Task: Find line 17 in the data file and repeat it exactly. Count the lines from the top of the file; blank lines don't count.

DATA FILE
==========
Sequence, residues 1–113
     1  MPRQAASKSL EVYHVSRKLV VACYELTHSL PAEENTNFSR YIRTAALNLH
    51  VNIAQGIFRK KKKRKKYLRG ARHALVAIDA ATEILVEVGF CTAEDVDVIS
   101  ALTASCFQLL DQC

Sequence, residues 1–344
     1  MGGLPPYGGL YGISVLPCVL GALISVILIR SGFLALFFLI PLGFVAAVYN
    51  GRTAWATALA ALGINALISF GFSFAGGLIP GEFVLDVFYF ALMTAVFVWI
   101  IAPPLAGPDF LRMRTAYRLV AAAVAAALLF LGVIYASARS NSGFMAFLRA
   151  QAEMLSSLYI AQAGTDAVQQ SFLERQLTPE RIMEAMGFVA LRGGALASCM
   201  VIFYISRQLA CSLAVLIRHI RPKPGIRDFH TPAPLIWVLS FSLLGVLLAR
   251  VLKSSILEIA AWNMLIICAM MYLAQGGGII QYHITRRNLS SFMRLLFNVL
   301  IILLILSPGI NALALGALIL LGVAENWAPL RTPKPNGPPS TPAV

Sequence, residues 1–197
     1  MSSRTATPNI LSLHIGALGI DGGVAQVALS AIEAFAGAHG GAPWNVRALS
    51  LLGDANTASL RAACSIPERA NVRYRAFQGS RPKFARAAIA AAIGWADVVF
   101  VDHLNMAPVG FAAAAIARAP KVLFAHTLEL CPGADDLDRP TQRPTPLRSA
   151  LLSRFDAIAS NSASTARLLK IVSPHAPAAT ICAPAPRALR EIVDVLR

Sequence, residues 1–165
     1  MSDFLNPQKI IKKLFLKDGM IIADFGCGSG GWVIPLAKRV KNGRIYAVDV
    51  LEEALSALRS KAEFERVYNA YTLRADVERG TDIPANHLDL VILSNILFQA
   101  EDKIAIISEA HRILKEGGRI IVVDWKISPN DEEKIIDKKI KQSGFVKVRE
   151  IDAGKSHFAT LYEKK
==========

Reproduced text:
   151  LLSRFDAIAS NSASTARLLK IVSPHAPAAT ICAPAPRALR EIVDVLR